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FEATURE APRIL 2018

Thoroughly modern media NEWS is a constantly moving environment. When it comes to the business of delivering the news, media outlets must keep pace with consumers who have evolved from being merely readers and viewers to also being participants and users. This month, we asked the North-east’s media platforms to tell us how they are keeping pace with the digital revolution. THE sad death of Aberdeen’s last newspaper vendor, Davie Raybould, in January signalled the end of an era. Davie was a fixture in the city centre for nearly 30 years; wrapped up against the elements as he sold copies of the Evening Express and The Press and Journal to his loyal customers from his spot outside Marks and Spencer. A few years ago, Davie was asked if there was still an appetite for local news as habits changed and digital came to the fore and he insisted: “The paper sells itself, I’ve never had to approach people at all. People always want to know what’s going on.” 6.

And while no-one would pretend that the last few years have been the golden age of printed newspapers, his point stands – people still want to know what’s happening in their street, village, town or city.

other unique digital content, share that content over multiple social channels and have added a marketing agency, new digital brands and radio station to our portfolio of newspapers and magazines.

In other words, it’s still all about content. It’s just that in 2018 there’s more of it, delivered in many different ways.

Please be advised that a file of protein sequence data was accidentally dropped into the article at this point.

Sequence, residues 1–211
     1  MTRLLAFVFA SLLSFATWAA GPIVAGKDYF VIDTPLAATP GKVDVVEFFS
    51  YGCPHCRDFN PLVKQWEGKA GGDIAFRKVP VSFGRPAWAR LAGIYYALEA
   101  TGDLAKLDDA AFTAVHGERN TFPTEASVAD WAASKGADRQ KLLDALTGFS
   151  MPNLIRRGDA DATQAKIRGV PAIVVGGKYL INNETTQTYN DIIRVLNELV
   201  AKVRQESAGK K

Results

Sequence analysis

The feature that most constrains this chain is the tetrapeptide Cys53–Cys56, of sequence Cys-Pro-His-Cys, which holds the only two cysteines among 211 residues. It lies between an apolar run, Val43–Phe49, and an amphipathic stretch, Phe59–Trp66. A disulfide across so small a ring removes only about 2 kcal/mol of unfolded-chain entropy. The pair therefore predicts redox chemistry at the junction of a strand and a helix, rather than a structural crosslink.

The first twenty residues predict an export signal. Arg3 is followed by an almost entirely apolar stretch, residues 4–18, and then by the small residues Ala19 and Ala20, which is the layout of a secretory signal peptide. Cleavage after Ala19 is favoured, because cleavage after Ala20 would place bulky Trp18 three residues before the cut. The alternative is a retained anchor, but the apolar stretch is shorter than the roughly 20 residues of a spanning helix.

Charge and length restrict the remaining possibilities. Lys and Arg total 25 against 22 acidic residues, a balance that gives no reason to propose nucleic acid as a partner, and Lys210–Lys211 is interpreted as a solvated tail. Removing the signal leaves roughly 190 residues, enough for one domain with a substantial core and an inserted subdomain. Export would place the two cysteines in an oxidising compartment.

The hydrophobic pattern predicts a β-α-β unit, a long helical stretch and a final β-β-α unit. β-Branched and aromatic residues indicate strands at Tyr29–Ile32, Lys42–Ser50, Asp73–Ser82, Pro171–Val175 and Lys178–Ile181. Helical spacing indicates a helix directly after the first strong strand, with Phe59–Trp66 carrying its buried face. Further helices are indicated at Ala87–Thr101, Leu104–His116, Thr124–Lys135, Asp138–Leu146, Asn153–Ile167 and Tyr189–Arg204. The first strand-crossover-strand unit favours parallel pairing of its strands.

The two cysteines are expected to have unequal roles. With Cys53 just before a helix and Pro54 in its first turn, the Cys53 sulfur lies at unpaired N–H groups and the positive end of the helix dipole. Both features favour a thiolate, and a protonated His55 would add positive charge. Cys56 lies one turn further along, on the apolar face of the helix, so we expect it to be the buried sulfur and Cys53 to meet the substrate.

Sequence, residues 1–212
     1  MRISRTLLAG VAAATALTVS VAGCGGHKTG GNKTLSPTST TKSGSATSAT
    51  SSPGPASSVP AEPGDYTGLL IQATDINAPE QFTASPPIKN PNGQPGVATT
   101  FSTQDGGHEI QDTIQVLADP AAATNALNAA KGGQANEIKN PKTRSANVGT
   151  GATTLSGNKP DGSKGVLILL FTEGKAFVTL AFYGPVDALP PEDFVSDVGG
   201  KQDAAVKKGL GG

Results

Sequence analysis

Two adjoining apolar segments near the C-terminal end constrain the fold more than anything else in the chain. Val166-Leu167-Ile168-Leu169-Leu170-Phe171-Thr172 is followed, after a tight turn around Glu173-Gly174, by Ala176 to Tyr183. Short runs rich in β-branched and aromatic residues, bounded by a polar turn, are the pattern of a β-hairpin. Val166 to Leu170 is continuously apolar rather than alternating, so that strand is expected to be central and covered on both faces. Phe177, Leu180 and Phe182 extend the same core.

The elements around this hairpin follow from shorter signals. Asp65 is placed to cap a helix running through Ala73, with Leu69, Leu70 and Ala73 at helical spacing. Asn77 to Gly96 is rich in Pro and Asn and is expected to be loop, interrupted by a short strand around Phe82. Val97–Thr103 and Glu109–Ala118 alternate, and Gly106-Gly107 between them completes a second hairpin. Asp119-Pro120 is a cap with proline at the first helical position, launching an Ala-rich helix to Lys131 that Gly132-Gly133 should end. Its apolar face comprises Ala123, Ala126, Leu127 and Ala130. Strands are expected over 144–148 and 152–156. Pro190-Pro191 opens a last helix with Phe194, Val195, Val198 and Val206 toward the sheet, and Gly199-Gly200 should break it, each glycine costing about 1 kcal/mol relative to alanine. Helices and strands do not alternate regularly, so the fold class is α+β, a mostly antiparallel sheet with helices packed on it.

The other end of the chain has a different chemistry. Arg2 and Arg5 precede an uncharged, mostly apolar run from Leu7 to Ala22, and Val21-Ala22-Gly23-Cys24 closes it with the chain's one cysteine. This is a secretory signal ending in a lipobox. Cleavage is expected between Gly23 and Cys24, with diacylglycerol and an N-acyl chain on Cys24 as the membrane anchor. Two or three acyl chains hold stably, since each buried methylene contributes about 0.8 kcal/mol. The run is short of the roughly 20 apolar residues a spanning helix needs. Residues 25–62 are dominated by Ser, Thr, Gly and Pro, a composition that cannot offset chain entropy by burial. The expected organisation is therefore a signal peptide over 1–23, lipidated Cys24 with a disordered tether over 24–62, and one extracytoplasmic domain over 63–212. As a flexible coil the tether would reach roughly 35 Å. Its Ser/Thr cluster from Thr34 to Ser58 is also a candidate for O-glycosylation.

Jobs and skills have changed and while the next generation are more likely to be pushing news content across digital channels than handing over papers in the street they remain just as passionate about the products and committed to their readers and customers as Davie.

The Evening Express still sells more than 22,000 copies, six nights a week, it’s the best-selling evening newspaper in Scotland and one of the biggest in the UK with 151,000 weekly print readers. Add that to 746,000 monthly users, viewing almost four million pages on our website – more than half of them on mobile devices – and you see the thirst for local news is stronger than ever. And when we talk about digital, we don’t just mean the internet. Every newspaper we print can be personalised with unique words, pictures, adverts or promotional codes, thanks to the digital print-head technology at DC Thomson Media’s state-of-the-art print centre. We can even print with scented ink – an advert for Christmas trees could smell like pine needles and so on. Yes, we still write stories, take photographs and sell advertising space – but we also produce videos and

Alan McCabe, editor-in-chief, evening newspapers, DCT Media. DIGITAL listening has delivered opportunity and growth for Northsound 1 and Northsound 2. Across the UK digital listening has never been higher and we’re delighted to see that statistic reflected across the North-east of Scotland. Over the past year work has been carried out to strengthen digital radio reception in our area and we’re already seeing audiences increase on Northsound 1.

Profile for AGCC

April 2018 Business Bulletin  

In the the April issue we focus on Digital. The Business Bulletin is Aberdeen & Grampian Chamber of Commerce's monthly magazine, covering th...

April 2018 Business Bulletin  

In the the April issue we focus on Digital. The Business Bulletin is Aberdeen & Grampian Chamber of Commerce's monthly magazine, covering th...